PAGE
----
University managers are largely to blame for five "fatal flaws" that experts say can ruin an academic department.
Researchers at Sheffield Hallam University's Centre for Integral Excellence identified the flaws as weak leadership, blame culture, poor communication, conflict and excessive bureaucracy.
Each can destroy the working ethos and reputation of even the finest departments, they said.
The researchers warn universities that they must deliver top-class "organisational excellence" as well as academic excellence to compete in a global market.
Mark Pupius, director of the centre, said: "One of the things we've learnt is that 85 per cent of the problems are with the organisation, not the people.
"Higher education organisations are very complex, and to manage this complexity they need to take on board good management practice. Offering great academics and a reputation for wonderful research just isn't good enough any more."
The findings are published this month in a report, Embedding Excellence in Higher Education , and will be used as the basis of a series of training courses in the new year.
Mr Pupius said the research, funded by the Higher Education Funding Council for England, looked at developing the use in academia of a business effectiveness model that is already popular among private sector managers.
He added: "As academia becomes more consumer focused, this study comes in response to new student demands for more value for money in their university courses.
"To compete within the global market, higher education institutions are faced with the dilemma of how to offer the best services.
"Students are consumers and demand not only academic excellence but value for money. Universities have to address this, as it's the customer who brings in the money."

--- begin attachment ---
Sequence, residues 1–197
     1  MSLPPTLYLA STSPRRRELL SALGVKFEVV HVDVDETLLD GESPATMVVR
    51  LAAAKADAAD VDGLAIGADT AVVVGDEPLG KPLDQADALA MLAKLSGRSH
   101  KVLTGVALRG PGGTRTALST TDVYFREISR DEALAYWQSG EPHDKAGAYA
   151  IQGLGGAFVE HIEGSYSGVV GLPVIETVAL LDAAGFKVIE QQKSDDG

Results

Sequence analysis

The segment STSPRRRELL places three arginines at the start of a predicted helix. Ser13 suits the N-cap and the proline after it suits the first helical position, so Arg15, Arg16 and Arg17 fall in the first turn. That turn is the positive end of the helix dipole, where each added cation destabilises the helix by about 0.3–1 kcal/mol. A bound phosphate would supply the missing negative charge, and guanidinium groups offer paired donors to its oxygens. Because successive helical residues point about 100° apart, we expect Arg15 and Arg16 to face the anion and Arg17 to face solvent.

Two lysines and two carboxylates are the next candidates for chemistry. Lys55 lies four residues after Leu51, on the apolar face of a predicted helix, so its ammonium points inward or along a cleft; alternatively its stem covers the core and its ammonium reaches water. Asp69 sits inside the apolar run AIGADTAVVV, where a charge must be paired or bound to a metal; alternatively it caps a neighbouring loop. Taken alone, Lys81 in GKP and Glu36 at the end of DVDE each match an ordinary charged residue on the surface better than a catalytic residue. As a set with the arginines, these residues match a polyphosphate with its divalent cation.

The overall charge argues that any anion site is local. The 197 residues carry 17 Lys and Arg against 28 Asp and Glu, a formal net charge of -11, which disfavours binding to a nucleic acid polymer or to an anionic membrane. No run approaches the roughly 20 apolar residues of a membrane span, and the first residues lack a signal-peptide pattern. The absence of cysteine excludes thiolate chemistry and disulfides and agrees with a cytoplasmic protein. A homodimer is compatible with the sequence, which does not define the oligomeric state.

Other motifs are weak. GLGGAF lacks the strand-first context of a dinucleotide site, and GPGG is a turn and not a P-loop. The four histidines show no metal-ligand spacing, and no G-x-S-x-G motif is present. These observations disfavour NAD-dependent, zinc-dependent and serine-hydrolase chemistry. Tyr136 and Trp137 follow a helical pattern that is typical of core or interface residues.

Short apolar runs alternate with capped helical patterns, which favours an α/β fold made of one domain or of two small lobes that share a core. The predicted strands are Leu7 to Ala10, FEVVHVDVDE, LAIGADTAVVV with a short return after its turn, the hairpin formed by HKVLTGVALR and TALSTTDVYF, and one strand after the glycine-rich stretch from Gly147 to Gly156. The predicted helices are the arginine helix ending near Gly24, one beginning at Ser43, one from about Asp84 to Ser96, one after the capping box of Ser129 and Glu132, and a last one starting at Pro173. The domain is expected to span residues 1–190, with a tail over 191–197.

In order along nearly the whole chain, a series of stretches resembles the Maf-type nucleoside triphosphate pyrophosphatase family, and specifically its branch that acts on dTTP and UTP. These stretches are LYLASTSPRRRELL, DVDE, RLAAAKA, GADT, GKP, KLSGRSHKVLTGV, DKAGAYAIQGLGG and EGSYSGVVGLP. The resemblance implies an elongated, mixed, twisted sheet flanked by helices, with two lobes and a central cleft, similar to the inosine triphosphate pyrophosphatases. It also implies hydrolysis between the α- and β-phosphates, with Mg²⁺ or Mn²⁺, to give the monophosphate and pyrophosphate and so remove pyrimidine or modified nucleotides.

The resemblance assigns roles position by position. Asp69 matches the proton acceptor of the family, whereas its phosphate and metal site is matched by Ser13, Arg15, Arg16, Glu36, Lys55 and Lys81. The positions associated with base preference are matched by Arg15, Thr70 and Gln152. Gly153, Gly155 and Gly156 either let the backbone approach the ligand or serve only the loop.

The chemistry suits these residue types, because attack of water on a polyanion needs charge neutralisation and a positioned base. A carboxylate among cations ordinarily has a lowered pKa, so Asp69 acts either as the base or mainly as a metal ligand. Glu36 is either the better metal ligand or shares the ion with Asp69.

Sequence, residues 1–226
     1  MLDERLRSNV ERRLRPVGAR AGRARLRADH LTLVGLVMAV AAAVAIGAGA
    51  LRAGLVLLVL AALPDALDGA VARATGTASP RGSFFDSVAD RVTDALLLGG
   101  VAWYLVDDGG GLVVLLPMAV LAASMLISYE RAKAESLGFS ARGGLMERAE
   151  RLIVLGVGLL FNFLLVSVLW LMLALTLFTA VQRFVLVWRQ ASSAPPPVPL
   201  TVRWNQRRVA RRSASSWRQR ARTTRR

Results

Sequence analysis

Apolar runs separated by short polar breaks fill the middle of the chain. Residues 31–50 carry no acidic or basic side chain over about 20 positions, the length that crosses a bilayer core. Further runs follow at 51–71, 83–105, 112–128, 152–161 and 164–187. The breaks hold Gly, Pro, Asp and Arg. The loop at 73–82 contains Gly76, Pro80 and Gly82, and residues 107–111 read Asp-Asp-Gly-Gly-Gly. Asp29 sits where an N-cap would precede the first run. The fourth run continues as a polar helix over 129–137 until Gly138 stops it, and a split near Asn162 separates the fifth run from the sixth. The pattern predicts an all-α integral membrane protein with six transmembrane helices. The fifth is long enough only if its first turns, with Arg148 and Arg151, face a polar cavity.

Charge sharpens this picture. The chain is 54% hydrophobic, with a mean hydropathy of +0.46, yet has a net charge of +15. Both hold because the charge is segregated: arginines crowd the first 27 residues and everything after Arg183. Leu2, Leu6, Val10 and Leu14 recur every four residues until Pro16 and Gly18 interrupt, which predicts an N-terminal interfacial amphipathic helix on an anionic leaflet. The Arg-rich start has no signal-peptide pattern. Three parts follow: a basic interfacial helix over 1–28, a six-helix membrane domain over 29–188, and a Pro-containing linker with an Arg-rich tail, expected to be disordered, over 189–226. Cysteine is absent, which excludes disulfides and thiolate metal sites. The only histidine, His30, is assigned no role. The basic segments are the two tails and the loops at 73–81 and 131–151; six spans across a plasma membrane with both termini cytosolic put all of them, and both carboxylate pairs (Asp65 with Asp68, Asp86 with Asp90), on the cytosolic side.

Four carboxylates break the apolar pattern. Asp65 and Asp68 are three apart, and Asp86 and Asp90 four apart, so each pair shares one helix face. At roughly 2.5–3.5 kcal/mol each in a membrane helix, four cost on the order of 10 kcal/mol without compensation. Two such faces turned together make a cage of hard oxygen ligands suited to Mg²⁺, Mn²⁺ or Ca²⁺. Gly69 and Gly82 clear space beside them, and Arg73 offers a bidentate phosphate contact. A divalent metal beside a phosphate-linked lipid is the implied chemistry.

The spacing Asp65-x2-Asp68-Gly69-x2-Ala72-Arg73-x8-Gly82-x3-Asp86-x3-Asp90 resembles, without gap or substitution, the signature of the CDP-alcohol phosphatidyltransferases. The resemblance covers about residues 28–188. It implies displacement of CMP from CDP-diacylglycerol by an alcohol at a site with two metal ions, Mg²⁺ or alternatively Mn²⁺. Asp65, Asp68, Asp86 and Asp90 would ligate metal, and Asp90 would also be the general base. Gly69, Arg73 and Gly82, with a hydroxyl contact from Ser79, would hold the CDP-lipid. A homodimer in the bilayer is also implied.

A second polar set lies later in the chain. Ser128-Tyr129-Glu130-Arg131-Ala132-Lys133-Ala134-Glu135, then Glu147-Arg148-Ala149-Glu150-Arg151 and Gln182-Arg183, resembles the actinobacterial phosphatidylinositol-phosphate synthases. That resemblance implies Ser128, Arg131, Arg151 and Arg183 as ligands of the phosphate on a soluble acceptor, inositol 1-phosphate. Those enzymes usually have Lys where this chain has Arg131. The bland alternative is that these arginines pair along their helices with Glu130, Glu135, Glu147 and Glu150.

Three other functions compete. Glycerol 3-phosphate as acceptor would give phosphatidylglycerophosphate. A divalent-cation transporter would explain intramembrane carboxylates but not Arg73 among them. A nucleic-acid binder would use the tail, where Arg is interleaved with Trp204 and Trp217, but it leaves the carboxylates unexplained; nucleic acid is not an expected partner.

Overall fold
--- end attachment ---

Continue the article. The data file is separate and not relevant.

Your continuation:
The research findings are based on interviews with staff and students in hundreds of university departments, including Sheffield Hallam, Cranfield and the University of Central Lancashire.
Mr Pupius said: "Not all universities will have each of the five negative factors, but these are examples of aspects in departments that need improving.
"The whole action plan originated from our vice-chancellor, Diana Green, when she first came to Sheffield Hallam about eight years ago.
"We wanted to explore the application of the excellence model to enhance the student and staff experience and to enhance organisational effectiveness.
"There is no fix-all solution to solving weaknesses within departments. But by identifying the areas where we might be going wrong, we can stop the rot and start to offer our students the kind of service they need as consumers of education.
"This report presents an opportunity for the sector to be great in all aspects of its working," Mr Pupius said.
HOW TO MANAGE CHANGE
- It is critical to involve all staff in plans as early as possible
- Flexibility, adaptability and patience are needed to support any change process
- It is crucial to get the right balance between focusing on short-term operational issues and long-term strategic change issues
- Staff changes can affect scale and pace of change, particularly when it takes time to recruit and form new management teams
- Initial investment of time and effort in planning will lead to greater effectiveness long term
- Pace of change is emerging as an issue for all institutions. Wide consultation, open communication, training and development can overcome barriers.